But that’s not the whole story of the failings of “Eternals.” It’s the Deviants who really tank the entire proceeding. Positioned as the sort of long-term cosmic foil to the Eternals, the Deviants are complete duds — a set of uninspired designs that serve to splash CGI all over Zhao’s trademark naturalistic cinematography and distract with the same fight scenes that we’ve seen dozens of times before in all these superhero movies. Attempts to bring them back in the second half of the film as a new threat who can steal the Eternals’ powers as it kills them falls spectacularly flat, especially since the central conflict of the final act treats them as little more than a nuisance or distraction.

There’s no question that “Eternals” tries to differentiate itself from the pack in attempting to mount a more cerebral, philosophical and emotional take on the battle to save the world from the most recent giant thing/existential threat. But despite these attempts to shake up the most recognizable formula in all of entertainment, the film remains utterly familiar in everything it does. The Deviants are just an even more boring version of the Chitauri or Thanos’ minions from the Avengers movies; the Eternals just so happen to wear spandex super suits like all the other heroes do; and attempts to raise the stakes to something godlike is just another coat of paint on Dormammu from “Doctor Strange.” You don’t get credit for trying to raise the narrative to something deeper and more philosophical when so much of the result is laughable (“We caused Hiroshima and thus feel bad about it!” is a somewhat reductive take on one howler of a scene, but that’s essentially the gist). It’s entirely possible that a movie like this could work in some alternate universe where Kevin Feige is not so zealous in the control of his IP, but we do not live in that universe. The idea that an eight-second, emotionless sex scene is somehow groundbreaking for this genre is the most damning indictment of the entire Marvel enterprise and proof that “Eternals” never stood a chance.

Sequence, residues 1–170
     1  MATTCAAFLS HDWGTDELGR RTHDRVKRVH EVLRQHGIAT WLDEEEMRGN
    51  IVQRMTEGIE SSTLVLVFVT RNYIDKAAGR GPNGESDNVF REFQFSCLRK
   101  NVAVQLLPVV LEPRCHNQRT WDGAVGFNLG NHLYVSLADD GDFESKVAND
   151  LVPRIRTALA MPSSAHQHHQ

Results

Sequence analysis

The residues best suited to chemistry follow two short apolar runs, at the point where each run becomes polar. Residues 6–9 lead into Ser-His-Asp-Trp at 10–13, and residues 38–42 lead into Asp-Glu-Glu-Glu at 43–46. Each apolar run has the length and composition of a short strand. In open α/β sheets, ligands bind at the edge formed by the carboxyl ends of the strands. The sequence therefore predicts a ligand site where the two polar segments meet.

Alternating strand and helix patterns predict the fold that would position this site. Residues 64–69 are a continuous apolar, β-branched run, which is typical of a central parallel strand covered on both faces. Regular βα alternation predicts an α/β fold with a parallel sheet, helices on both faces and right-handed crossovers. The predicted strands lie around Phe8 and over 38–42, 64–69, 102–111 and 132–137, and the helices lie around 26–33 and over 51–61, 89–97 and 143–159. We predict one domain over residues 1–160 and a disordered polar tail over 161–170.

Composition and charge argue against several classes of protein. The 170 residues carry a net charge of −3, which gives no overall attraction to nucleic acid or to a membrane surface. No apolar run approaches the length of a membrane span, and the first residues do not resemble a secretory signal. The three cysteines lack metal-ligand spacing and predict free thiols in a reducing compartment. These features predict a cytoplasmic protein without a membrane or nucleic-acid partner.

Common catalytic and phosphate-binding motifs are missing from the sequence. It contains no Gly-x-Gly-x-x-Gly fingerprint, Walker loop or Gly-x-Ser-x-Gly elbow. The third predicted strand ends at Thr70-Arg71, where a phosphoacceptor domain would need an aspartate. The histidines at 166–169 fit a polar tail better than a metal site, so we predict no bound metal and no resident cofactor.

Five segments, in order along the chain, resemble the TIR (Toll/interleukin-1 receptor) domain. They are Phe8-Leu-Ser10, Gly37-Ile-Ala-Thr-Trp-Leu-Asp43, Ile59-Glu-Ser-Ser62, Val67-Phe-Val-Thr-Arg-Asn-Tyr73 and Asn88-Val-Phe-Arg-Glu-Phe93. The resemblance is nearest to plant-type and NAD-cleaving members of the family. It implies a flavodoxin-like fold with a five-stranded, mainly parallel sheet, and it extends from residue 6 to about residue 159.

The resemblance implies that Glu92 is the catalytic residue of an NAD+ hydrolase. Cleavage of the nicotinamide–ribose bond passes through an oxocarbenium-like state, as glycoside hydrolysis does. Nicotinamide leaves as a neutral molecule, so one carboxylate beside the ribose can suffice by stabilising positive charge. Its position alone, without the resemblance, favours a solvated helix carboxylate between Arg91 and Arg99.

I don’t lay this at the feet of Zhao, despite being the director (and twice credited as a writer, which you don’t see too often). The Russos and the Kenneth Branaghs and the James Gunns of the world can fit right into the setting and the requirements because their authorial voices (or lack thereof) are already designed to gel with the institution. For someone like Zhao, who has made ponderous, intensely personal films filled with first-time actors, it never had a chance. Her sense of visual style is lost on MCU house cinematographer Ben Davis, and what does look good is painted over with wretched CGI. It’s a failure on all levels. This is without a doubt the worst MCU film to date and the sort of rancid theater experience that makes you want to rethink the whole thing and burn it to the ground.


Starring: Gemma Chan, Richard Madden, Angelina Jolie, Salma Hayek, Kit Harington, Kumail Nanjiani, Brian Tyree Henry, Barry Keoghan, Lauren Ridloff, Don Lee
Director: Chloé Zhao